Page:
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Eagles' Mike Patterson says defense needs to step up

dennis deitch delco times

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Posted 09 November 2012 - 05:53 AM

Deitch

Eagles' Mike Patterson says defense needs to step up

Published: Friday, November 09, 2012

By DENNIS DEITCH
ddeitch@delcotimes.com, @DennisDeitch



PHILADELPHIA — The Eagles are having a famously terrible year when it comes to the health and continuity of their offensive line. That reached a peak Wednesday when starting right tackle Todd Herremans was placed on the injured reserve list with a broken foot, meaning four linemen expected to be starters this season — including both offensive tackles — could be out of uniform for Sunday’s game against Dallas.

That, however, is just the half of it. The healthier side of the ball has been undergoing an erosion that the firing of defensive coordinator Juan Castillo not only failed to stifle, but seems to have hastened.

Defensive tackle Mike Patterson saw about 15 snaps in his first game action of the season during the Eagles’ 28-13 loss Monday night to the Saints. Patterson’s return came 10 months after he underwent brain surgery, and if any more proof was needed that he was of sound mind, he provided it with his assessment of what the Eagles’ defense is lacking.

“You want to establish an identity, most definitely,” Patterson said when asked if the Eagles’ defense seemed to lack one. “It depends how you want to look at it. We all just want to fire it up and everyone run to the ball.

“We have young, fresh legs, so let’s fly around.”

The Eagles’ blitzing defense under late, great defensive coordinator Jim Johnson gained a reputation as one that flew around and — here’s the important part — separated opponents from the football.

Through eight games this season, the Eagles defense has recovered just three fumbles by opponents, and none of those have come out of the hands of running backs. That’s 216 rushes by opposing runners without a lost fumble, a figure that would be problematic even if Michael Vick weren’t putting the ball on the carpet with regularity.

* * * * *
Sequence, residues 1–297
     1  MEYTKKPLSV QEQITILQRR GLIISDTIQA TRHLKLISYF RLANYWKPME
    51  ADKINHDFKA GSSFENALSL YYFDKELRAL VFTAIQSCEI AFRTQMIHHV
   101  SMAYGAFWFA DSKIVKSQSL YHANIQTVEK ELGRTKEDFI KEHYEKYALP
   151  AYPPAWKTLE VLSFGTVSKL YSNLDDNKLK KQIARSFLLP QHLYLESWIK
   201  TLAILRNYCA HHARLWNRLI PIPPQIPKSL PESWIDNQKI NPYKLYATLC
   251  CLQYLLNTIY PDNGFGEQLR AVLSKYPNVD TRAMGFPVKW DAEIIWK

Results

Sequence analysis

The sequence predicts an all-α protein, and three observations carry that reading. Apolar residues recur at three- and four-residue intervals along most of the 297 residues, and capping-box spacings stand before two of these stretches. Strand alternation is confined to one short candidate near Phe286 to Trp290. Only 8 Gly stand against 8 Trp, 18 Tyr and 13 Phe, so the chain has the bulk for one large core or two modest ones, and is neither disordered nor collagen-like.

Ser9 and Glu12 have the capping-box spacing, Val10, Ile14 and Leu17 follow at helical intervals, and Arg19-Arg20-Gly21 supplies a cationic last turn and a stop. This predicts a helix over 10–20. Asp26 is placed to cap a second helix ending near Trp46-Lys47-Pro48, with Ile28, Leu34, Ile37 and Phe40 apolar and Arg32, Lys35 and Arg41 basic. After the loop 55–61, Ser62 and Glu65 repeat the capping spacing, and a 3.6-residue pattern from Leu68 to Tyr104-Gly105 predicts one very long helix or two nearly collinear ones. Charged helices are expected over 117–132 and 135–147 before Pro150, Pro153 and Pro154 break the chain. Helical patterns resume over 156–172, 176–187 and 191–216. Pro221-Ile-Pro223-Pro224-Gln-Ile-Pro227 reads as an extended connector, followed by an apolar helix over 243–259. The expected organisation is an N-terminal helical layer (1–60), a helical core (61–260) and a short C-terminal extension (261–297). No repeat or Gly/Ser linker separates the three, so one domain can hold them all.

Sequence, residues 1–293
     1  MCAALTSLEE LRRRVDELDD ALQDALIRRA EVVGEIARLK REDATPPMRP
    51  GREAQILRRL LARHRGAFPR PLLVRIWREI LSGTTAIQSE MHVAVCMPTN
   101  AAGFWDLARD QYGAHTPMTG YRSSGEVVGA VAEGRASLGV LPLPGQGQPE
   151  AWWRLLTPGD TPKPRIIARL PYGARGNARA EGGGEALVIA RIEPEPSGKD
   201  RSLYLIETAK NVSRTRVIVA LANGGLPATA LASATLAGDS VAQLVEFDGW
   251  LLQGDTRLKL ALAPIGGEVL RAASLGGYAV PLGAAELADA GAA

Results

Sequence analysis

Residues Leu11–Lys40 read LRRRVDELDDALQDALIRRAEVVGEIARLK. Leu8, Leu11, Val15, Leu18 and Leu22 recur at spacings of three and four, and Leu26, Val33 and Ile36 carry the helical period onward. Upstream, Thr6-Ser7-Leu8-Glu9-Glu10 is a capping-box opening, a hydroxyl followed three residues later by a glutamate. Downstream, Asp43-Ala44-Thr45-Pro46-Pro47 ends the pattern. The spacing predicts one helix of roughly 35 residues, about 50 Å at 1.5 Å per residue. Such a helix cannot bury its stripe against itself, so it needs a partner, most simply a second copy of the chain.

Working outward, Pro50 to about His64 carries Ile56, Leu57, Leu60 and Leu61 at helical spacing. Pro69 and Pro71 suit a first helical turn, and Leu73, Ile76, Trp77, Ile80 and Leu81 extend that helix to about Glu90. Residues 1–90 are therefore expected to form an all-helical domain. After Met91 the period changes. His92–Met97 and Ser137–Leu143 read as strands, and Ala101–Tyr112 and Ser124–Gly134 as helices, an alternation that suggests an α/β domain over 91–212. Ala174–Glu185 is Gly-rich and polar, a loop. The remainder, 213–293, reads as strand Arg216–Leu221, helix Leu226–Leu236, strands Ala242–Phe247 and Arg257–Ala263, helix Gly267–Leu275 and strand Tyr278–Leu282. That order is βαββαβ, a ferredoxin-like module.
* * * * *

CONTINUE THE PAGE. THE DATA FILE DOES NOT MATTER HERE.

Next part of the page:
According to cornerback Dominque Rodgers-Cromartie, there is a reputation building throughout the league about the Eagles ... and it isn’t flattering.

“Everybody looks at us as a pretty defense,” he said, “that don’t want to be physical.”

The good news is that the Cowboys are one of the few teams in the NFL as generous giving up the ball as Vick and Co. Like the Birds, the Cowboys have committed 19 turnovers. After coughing it up five times against the Giants two Sundays ago, Dallas didn’t commit a turnover against the Falcons last weekend.

Which Cowboys team will show up Sunday is anyone’s guess. But the Eagles’ defense is equally quixotic.

“There are several approaches, and there have been attempts,” Patterson said. “Guys are going for the ball … we just haven’t had a chance to get our hands on one.”

Most fumbles are caused by gang tackles, with the initial tackler holding up a back as his teammates arrive with a stripping agenda. That tactic was noticeably absent Monday night.

“As a group last week, we didn’t have as many (linemen) getting to the ball or getting off blocks,” interim defensive coordinator Todd Bowles said. “We’ve got to get off blocks. We can’t be satisfied and standing in our gaps. Once we get in our gaps, we’ve got to use our hands. We’ve got to play sound football and we’ve got to get off on blocks.”

Then there are the 11 sacks halfway through the season … and the four straight games in which opponents have gained 120-plus rushing yards, including 140 on 25 carries the Saints amassed to … and the three interceptions the Eagles have had in the last seven games after racking up four in the opener … and the 12 third-down conversions the Falcons and Saints managed in 21 tries the past two weeks.

There are plenty of holes in the defense, and it seems when Bowles tries to plug one, a couple of others sprout.

“Sometimes when you’re trying to make a play,” the former defensive back said, “you’re trying to do too much instead of doing your own job. You’re trying to help somebody else and then that jeopardizes your own position.”

The most accurate way to describe the Eagles’ defensive reputation at this point is to say they do not have one. And in a city that has considered defensive aggression a staple of the game ever since Buddy Ryan came strutting into town with the 46 defense, this defanged unit — on its fourth defensive coordinator in the last four years — may be eight games away from yet another coaching change.

That is, unless something drastic occurs and this soft-serve defense starts to cream people.

“We have to go out and make a name for ourselves,” Rodgers-Cromartie said.